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Kids and Petting Zoos

Simple Steps Can Prevent Infections at Petting Zoos

By Michele Bloomquist
WebMD Feature

Reviewed By Michael Smith

Five cases of life-threatening kidney failure highlight the needs for parents to take special precautions when their child visits a petting zoo.

According to published repots, five children in Florida have developed a condition that likely stems from contact with animals infected with a strain of E. coli bacteria called 0157:H7. Usually this infection comes from eating undercooked beef or contaminated food. These children may have been exposed to E. coli through animal feces, according to health officials.

The five children have developed a complication of E. coli infection called hemolytic uremic syndrome, or HUS. Four of the children had visited a local fair in Orlando, Fla. The fifth child developed the infection after visiting a petting zoo in Plant City, Fla.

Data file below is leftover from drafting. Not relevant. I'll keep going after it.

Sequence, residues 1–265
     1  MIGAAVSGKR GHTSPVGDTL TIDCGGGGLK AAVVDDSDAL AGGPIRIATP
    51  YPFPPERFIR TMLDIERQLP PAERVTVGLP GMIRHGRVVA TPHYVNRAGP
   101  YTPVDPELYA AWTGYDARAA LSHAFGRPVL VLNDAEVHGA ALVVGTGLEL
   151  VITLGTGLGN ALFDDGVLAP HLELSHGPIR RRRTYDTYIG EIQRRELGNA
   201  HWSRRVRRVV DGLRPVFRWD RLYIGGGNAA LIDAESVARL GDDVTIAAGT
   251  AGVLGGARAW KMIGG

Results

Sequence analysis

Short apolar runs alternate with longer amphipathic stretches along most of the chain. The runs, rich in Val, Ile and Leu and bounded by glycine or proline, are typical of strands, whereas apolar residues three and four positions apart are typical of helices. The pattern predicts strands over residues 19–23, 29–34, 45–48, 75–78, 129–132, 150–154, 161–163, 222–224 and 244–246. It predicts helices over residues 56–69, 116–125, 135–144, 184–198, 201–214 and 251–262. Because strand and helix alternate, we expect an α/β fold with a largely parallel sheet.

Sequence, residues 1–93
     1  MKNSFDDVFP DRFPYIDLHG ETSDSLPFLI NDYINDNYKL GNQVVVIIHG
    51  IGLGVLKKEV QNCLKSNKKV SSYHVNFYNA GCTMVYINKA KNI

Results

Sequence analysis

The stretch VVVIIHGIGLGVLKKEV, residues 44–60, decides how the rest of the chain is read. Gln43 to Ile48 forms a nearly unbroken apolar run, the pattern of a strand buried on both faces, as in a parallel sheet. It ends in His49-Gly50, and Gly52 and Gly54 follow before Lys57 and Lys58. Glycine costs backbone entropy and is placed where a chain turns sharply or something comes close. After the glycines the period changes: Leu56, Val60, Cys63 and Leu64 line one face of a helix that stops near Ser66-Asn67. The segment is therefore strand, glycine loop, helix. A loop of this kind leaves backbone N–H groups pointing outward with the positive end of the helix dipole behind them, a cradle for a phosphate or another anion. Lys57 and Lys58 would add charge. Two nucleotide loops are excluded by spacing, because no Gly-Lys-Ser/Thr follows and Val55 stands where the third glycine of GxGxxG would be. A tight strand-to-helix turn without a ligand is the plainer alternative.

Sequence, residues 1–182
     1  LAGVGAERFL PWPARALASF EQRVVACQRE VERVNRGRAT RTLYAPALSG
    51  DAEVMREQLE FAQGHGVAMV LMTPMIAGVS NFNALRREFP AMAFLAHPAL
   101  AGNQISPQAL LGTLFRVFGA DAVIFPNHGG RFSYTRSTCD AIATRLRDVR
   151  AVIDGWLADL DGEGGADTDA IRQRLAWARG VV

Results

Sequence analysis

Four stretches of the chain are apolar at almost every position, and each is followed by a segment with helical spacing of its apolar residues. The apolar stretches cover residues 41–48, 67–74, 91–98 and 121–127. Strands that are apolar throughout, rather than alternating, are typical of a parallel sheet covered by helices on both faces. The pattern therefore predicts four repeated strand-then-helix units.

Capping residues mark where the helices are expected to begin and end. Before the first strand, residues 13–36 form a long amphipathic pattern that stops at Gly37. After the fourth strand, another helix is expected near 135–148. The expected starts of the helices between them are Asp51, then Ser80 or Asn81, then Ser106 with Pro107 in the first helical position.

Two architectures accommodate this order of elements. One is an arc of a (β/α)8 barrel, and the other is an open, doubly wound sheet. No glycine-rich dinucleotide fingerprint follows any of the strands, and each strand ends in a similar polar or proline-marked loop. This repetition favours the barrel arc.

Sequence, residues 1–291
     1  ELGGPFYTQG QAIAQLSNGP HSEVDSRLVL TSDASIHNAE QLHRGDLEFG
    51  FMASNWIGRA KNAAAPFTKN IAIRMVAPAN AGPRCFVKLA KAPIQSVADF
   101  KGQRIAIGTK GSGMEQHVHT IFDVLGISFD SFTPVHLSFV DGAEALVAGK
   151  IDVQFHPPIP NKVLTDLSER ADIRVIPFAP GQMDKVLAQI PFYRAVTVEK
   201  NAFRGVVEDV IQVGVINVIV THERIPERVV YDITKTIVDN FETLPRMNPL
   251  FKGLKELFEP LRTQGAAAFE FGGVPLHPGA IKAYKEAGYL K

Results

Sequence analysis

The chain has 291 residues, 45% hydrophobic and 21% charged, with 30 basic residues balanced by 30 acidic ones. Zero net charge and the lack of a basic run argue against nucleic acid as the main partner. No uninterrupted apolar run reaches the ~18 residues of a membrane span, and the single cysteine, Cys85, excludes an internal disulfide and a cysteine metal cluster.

E. Coli Symptoms

Infection with this strain of E. coli can cause severe abdominal cramps and diarrhea, which may become bloody by the second or third day, according to the medical experts at MedicineNet.com, a WebMD company. Nausea and vomiting are present in approximately half of the patients. Most patients recover in seven to 10 days, but some (6%) go on to have HUS. This is most likely to happen in children and the elderly. Some patients develop brain problems, such as seizures. Many patients require dialysis and blood transfusions. About 3% to 5% of people with HUS die.